DNA, available in less than 10% of all homicides, can’t guarantee we won’t execute innocent people. If someone is convicted and later found innocent you can release him from prison, but not from the grave. The death penalty doesn't prevent others from committing murder. No reliable study shows the death penalty deters others. Homicide rates are higher in states and regions that have it than in those that don’t. Life without parole, on the books in 48 states, also prevents reoffending. It means what it says, and spending 23 of 24 hours a day locked in a tiny cell is not a picnic.
Life without parole costs less than the death penalty. The death penalty is much more expensive than life in prison, mostly because of the upfront costs of legal process which is supposed to prevent executions of innocent people. (upfront=before and during the initial trial) The death penalty isn't reserved for the worst crimes, but for defendants with the worst lawyers. It doesn't apply to people with money. When is the last time a wealthy person was on death row, let alone executed? Families of murder victims are not unanimous about the death penalty.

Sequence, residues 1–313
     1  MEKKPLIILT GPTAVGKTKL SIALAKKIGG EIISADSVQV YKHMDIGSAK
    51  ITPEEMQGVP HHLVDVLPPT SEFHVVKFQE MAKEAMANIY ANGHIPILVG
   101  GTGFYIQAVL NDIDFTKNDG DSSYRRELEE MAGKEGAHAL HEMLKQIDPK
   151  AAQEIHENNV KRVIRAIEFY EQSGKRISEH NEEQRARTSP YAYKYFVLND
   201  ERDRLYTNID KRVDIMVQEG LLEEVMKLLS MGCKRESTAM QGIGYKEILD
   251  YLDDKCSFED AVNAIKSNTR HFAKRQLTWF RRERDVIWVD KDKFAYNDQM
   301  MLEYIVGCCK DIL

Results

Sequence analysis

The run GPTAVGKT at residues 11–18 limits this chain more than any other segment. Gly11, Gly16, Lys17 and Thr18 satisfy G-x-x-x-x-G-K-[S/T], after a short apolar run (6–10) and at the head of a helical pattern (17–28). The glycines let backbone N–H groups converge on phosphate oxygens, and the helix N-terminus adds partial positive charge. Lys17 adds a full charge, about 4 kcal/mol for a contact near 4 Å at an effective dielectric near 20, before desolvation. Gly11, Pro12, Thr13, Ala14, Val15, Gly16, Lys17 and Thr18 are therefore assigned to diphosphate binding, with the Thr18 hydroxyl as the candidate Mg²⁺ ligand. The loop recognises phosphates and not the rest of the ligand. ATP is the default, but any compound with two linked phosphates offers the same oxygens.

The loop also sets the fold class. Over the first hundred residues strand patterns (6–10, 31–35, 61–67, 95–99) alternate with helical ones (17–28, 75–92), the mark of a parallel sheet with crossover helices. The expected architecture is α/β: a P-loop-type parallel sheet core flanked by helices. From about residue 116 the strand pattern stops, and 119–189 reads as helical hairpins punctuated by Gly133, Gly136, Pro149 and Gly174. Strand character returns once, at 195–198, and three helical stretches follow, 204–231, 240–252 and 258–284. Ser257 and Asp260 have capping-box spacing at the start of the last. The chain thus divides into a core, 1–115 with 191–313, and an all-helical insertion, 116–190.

However, even families who have supported the death penalty in principal have testified that the drawn-out death penalty process is painful for them and that life without parole is an appropriate alternative. Problems with speeding up the process. Over 50 of the innocent people released from death row had already served over a decade. Speed up the process and we will execute innocent people. Sources: Death Penalty Information Center, www. deathpenaltyinfo. org, for stats on executions, reports on costs, deterrence studies, links to FBI crime stats and links to testimony (at state legislatures) of victims' family members.